Fig. 1
Fig. 1

Inducible heterochromatin complex recruitment silences target gene expression in HEK 293 cells. a Schematic representation for rapid and reversible recruitment of chromatin regulators to specific genomic loci by FIRE–Cas9. b Lentiviral constructs used for dCas9, sgRNA-MS2, MS2-Fkbp (1x or 2x) and HP1cs-Frb (1x or 2x), or MS2-HP1cs expression in HEK 293 cells. Lentiviral integration is selected for with four unique resistance genes. c H3K9me3 ChIP analysis at the CXCR4 locus (−166 bp and +951 bp from TSS) after 5 days of RAP treatment to induce HP1cs recruitment. Fold changes represent RAP/Control (Con: untreated, no RAP) in respective cell lines except for direct fusion experiment where fold change represents MS2-HP1/MS2-Fkbp recruitment (both untreated, no RAP). n = 3; error bars s.e.m. d CXCR4 expression levels measured by qPCR after 5 days of RAP treatment to recruit HP1cs. n = 3; error bars s.e.m. p < 0.05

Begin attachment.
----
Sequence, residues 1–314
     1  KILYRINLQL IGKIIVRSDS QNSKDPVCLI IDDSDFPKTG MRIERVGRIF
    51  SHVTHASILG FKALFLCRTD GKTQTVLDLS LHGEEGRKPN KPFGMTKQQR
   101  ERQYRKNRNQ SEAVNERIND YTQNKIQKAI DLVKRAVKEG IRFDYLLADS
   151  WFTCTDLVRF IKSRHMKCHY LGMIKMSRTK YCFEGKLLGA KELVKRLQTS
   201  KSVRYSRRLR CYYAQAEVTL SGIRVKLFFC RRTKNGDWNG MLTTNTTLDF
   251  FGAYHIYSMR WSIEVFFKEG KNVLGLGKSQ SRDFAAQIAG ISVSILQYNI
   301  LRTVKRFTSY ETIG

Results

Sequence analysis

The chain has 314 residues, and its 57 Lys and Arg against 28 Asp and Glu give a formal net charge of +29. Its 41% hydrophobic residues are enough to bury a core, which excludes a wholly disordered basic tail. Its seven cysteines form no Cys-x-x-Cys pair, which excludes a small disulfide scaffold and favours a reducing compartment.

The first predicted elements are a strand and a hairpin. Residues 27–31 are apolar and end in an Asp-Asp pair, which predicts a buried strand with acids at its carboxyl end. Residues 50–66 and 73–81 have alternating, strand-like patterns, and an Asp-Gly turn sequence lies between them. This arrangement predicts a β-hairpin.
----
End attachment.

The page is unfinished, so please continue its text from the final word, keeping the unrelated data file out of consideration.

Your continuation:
Inducible HP1 complex recruitment silences gene expression